Like a sign, the sky cleared around 4pm and it warmed up to a perfect Southern California afternoon. Regardless of rain or shine, though, the crowd enjoyed more sets from the Delgado Brothers, Deanna Bogart and John Nemeth fired up the crowd. On the second stage, local acts such as GreaseFire played while everyone enjoyed food and drink and also shopping at the various merchants. The day was dedicated to Mickey Jones, actor, musician and friend of the Festival, who was in the hospital and too ill to attend the festivities. His wife Phyllis was up on stage though as a Fender Stratocaster, signed by all the acts, was raffled off to help with Mickey’s medical bills. It was a fun day with great music and a perfect way to spend a Saturday.

Photo essay after the jump Continue reading

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LA Asian Pacific Film Festival: Interview with Wong Fu Productions

Screen Shot 2015-04-24 at 4.23.10 PM

[L-R: Genesia Ting, Wesley Chan, Christine Chen, Chris Dinh]

On Friday April 24th, I was able to sit down with the Wong Fu Productions team (missing Ted Fu and Phillip Wang) to discuss the recent world premiere of their movie Everything Before Us.  Director Wesley Chan and producers Christine Chen and Chris Dinh gave me their thoughts.

First of all, congratulations on your new movie!  How was opening night and what kind of feedback did you guys receive from the audience?

Wes: Opening night was very surreal; and I feel like that’s so generic to say.  Everyone’s like “oh, it was such a blur” but it really was, like, it didn’t really hit me until like after the event, and I was like “wow, we just showed our movie at opening night!” And even then I was still processing that we even finished the movie, because it’s been such a long process.  You know, from the very first time we started talking to VC (Visual Communications), to finishing it, it’s just been a really long journey.  But we’ve had a very good history with Visual Communications, they’ve recognized us when we were just doing stuff on YouTube, from the very beginning.  They’ve shown our short films over the years, and to be shown and selected for opening night was just a really great honor.  Seeing the community come out is always really fun.  Usually we see everyone when we’re watching another movie, but last time was so special because it was ours.  I almost forgot that we were there for our own movie.  It was just so great having all the cast there, the crew.  Nothing but good things to say. Continue reading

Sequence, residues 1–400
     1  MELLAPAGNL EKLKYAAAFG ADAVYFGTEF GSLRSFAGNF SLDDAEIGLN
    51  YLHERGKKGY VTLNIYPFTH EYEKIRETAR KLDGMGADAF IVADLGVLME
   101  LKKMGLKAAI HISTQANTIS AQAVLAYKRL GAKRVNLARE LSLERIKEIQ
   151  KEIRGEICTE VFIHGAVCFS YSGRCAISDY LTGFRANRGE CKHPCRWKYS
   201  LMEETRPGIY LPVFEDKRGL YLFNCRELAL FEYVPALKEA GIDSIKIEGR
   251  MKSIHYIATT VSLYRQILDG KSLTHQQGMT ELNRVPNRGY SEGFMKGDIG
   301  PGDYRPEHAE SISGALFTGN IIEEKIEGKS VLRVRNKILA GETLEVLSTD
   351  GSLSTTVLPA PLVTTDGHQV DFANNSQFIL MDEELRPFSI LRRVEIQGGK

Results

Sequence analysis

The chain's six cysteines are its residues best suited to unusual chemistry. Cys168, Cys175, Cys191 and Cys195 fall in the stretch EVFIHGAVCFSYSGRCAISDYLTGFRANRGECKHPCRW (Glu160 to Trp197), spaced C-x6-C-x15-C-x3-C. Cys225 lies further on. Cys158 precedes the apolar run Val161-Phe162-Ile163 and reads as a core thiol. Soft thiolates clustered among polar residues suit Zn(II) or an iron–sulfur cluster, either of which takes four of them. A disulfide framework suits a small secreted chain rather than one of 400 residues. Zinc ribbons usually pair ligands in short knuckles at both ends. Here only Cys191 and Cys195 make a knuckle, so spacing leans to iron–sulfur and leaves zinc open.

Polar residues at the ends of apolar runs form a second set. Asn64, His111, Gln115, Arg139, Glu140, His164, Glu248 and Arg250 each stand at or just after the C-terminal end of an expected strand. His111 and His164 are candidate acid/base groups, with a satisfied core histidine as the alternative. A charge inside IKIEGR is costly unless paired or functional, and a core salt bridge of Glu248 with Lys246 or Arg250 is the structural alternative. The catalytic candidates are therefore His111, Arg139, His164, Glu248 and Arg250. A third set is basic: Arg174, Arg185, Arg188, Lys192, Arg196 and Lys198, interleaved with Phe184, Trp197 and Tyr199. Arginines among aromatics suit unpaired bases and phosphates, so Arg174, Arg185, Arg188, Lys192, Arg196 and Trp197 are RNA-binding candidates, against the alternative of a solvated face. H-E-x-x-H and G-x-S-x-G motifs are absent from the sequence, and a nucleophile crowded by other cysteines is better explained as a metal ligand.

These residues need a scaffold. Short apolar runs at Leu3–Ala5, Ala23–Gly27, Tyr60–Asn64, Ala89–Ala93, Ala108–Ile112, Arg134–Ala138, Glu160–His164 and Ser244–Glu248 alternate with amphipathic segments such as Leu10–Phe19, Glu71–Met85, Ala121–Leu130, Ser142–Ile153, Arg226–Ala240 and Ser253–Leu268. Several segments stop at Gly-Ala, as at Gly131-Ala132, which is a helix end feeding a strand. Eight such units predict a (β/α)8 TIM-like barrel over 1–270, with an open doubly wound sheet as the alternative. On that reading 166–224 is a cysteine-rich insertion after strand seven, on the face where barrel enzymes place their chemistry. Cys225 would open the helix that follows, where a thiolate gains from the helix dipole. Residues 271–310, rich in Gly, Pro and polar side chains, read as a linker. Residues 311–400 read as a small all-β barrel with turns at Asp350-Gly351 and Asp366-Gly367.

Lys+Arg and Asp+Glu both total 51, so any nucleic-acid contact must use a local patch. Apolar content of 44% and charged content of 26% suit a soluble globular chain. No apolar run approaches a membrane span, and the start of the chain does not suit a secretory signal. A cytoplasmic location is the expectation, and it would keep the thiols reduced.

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Offbeat L.A.: An Octopus’s Garden- The Weird & Wonderful 1960s Sea Monster Sculptures of Benjamin Dominguez

A sculpture by Benjamin Dominguez at "Sea Monster Park"  in San Gabriel (photo by Nikki Kreuzer)

Ozzie the Octopus, built in 1965  by Benjamin Dominguez at “Monster Park” in San Gabriel (photo by Nikki Kreuzer)

Sea Monster slide in San Gabriel (photo by Nikki Kreuzer)

Lighthouse and Sea Serpent slide, built in 1965 at “Monster Park” in San Gabriel (photo by Nikki Kreuzer)

“I’d like to be under the sea,
In an octopus’s garden in the shade…
We would sing and dance around,
Because we know we can’t be found,
In an octopus’s garden in the shade…              We would be so happy you and me,
No one there to tell us what to do.
I’d like to be under the sea,
In an octopus’s garden with you.”                      
- Richard “Ringo” Starkey for The Beatles (1968)

Sometimes, as adults whirring around with busy schedules, we forget to notice the magic. Magic weaves itself around us constantly, lighting on our shoulders and buzzing in our ears, but often it is only the children who stop to take notice. Our lives would be happier and have more synchronicity if we once again believed in fairy tales and making wishes.

Minnie the Whale, climb up her back & slide down her tongue (photo by Nikki Kreuzer)

Minnie the Whale, built in 1965, climb up her back & slide down her tongue (photo by Nikki Kreuzer)

Children’s play parks from the 1950s to 1970s often captured this wishful sorcery in elaborately imaginative “fairy-tale lands”, “Santa Claus villages” and idyllic theme parks. Even Magic Mountain in Valencia originally featured happy trolls, wandering wizards and singing mushrooms. Most of these parks disappeared as the world around us got more literal, politically correct and “child proofed”. Luckily there are three playgrounds left within the Los Angeles area that feature the whimsical early 1960s sea monster sculptures of Benjamin Dominguez. They display a trusting enchantment of a simpler time. For those growing up near San Gabriel, memories of playing at “Monster Park” might bring all kinds of crazy nostalgia. Others remember the odd sea creatures scattered around Legg Lake in El Monte. Still others have fondness for the surreal Atlantis Play Park in Garden Grove. Continue reading

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LA Asian Pacific Film Festival: Opening Night

Wong Fu Productions at their opening night of LAAPFF at the Aratani Theatre.  Photo by Genesia Ting for the Los Angeles Beat.